Plant of the Month March 2017



Tilia x europa known in the UK as the common lime and in N America as the common linden is from the family Malvaceae. It is a hybrid between the small leaved Tilia cordata and the large leaved Tilia platyphyllos. Both grow naturally in the wild in Europe.

It is a large deciduous tree and can grow  up to 50m. The leaves are heart shaped and lime green (obviously!) but turn butter yellow in autumn. The flowers are clustered beneath a long strap like bract. They are sweetly fragrant and pollinated by bees. On a warm day the whole tree can be humming with bees. Lime tree honey is much prized.

The fruit is a small pea sized drupe attached to the bract that seems to act as a sail.

It is easy to propagate and therefore inexpensive, so is widely used in urban streets. It is not an ideal tree for this setting as it produces a mass of shoots at the base. These can be quite extensive as can be seen in The Avenue Bushey.

Another problem that anyone who has inadvertently parked their car under a lime tree in summer will testify; the huge aphid population secrete an extremely sticky ’honeydew’ that is difficult to remove.

One of it’s parents Tilia cordata has herbal uses. A soothing tea can be made from the flowers. The wood is soft and chosen for refined wood carving. Examples of this can be found in St Pauls Cathedral, Windsor Castle and Chatsworth. It is the National Tree of the Czech Republic and the Slovak Republic.

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At Reveley below the bank on the sunclock lawn we have a special little tree. It is a cultivar of Tilia cordata called ‘Winter Orange’ The young twigs are a vivid orange looking magnificent against the sun and lasting until the spring. This tree was planted to remember Dr Rodney Parker.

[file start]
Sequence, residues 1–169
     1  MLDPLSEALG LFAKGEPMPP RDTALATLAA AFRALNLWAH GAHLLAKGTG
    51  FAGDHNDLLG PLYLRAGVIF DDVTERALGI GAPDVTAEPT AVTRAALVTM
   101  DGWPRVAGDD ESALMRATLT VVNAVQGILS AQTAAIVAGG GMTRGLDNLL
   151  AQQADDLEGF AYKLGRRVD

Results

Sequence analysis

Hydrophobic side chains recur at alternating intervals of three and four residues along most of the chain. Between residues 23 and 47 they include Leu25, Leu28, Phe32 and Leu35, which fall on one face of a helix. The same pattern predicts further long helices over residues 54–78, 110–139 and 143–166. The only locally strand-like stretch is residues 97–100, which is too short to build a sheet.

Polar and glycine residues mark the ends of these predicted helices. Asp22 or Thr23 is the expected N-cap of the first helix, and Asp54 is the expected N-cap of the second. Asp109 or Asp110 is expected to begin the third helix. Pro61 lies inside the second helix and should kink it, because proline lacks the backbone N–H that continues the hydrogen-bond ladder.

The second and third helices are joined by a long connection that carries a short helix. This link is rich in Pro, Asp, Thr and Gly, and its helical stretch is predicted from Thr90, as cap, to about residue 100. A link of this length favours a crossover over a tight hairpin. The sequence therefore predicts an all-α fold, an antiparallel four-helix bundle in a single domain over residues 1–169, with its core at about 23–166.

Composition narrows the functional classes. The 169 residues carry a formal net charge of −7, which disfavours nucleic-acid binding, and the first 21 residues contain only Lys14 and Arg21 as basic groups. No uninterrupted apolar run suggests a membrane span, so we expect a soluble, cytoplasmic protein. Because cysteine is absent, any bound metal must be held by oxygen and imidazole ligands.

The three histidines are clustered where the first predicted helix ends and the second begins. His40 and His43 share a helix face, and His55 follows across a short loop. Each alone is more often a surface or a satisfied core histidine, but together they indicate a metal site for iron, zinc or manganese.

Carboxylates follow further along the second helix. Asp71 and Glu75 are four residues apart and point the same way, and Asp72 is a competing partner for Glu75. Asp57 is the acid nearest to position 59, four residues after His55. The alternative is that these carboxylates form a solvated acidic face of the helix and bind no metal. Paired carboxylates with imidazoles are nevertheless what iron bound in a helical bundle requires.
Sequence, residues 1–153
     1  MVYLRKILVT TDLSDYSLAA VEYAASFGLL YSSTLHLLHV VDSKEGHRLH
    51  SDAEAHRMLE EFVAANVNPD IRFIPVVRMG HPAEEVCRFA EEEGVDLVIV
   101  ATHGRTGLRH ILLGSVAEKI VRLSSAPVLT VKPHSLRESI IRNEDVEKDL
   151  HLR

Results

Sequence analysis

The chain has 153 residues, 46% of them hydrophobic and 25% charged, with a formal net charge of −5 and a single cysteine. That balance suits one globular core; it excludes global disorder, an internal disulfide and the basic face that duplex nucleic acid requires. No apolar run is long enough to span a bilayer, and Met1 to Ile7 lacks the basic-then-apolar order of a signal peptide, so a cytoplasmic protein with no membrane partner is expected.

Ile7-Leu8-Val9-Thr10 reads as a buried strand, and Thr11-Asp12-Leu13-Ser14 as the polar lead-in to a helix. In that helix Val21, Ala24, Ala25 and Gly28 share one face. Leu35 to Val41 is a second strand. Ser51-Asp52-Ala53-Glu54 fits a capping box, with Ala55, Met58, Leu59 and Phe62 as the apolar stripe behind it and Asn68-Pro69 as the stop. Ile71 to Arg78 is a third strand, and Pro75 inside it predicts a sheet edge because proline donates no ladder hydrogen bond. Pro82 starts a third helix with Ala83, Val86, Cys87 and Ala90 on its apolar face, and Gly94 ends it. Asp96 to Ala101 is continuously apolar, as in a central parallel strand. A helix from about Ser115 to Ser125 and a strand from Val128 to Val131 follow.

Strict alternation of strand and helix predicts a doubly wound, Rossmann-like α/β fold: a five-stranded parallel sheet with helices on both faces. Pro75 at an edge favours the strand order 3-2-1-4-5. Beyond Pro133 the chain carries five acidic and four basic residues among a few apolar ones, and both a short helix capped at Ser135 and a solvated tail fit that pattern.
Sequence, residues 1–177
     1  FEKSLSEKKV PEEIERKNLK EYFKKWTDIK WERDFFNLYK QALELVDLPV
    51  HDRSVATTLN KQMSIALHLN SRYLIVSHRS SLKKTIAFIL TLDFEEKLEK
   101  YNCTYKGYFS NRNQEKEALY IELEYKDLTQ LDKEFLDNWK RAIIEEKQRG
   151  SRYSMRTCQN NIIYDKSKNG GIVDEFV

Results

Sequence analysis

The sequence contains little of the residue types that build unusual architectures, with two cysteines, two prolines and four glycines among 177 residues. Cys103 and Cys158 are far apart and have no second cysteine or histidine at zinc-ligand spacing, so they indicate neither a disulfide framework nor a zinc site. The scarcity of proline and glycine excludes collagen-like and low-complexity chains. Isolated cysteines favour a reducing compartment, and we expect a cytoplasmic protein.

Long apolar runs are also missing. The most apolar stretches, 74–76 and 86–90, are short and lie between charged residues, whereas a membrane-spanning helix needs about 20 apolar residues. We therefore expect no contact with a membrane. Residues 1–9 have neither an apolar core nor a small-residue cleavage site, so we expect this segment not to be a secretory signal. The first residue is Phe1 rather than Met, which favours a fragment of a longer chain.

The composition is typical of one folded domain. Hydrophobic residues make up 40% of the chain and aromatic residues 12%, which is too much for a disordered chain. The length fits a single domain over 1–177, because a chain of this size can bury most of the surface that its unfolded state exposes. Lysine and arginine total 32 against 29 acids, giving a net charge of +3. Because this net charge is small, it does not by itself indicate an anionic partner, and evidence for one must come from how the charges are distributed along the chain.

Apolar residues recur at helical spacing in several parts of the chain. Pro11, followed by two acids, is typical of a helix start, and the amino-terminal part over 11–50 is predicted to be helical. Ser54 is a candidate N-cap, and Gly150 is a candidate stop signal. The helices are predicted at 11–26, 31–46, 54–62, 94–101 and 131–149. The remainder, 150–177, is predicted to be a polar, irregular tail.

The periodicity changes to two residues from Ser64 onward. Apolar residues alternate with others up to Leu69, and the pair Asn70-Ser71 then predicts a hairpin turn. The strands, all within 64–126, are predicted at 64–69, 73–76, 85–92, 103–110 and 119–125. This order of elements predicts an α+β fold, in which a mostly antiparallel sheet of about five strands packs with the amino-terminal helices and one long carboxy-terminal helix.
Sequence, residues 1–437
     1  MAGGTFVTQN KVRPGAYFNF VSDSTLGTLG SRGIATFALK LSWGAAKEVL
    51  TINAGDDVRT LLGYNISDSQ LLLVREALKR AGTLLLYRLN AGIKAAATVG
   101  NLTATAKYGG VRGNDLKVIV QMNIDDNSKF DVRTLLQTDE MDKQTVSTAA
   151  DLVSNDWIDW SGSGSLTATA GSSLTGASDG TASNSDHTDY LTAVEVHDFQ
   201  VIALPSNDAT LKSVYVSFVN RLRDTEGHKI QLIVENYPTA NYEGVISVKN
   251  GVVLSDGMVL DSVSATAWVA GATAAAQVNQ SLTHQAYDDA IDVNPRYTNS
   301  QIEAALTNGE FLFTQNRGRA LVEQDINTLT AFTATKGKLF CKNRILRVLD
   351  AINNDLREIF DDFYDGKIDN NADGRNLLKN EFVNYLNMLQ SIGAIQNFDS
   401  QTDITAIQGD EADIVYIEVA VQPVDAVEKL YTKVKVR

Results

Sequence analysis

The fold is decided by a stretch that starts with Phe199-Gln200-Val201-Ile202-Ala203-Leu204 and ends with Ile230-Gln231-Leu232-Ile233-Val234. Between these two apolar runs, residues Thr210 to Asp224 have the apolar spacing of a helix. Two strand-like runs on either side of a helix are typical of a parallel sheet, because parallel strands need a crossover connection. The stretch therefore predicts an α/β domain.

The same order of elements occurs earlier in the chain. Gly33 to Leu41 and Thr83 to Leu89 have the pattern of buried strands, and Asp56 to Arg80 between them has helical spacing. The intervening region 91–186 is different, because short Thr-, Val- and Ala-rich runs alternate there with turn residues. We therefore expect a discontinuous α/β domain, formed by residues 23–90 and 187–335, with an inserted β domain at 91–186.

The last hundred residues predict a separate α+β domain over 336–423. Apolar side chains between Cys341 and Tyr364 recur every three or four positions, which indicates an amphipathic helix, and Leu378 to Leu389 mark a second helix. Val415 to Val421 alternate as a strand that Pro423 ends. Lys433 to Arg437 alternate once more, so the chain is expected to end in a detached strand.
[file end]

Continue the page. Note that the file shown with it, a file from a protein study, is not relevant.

Also at Reveley we have two rows of the common lime bordering the main lawn. The old limes to the west are indeed old and some a little rocky. They are pollarded every third year. The pliable stems have been used to make Christmas wreaths at our annual Christmas charity workshop. The young limes to the east were planted by the garden volunteers twelve years ago. They have not been pollarded and unlike the old trees have not produced many basal shoots so far. The plan was to pleach them but I think it passed us by!

Two unrelated but interesting facts:

The common lime is not related to the lime fruit tree which is a species of citrus.

The tree in the poem ‘My Orcha’d in Linden Lea’ by William Barnes and set to music by Ralph Vaughan Williams is an apple. Linden Lea is a place.

 Previous Months

February 2017

January 2017

December 2016

November 2016

October 2016

September 2016

August 2016

July 2016

June 2016

May 2016

April 2016

March 2016

February 2016

January 201

© Bushey Museum Property Trust 2017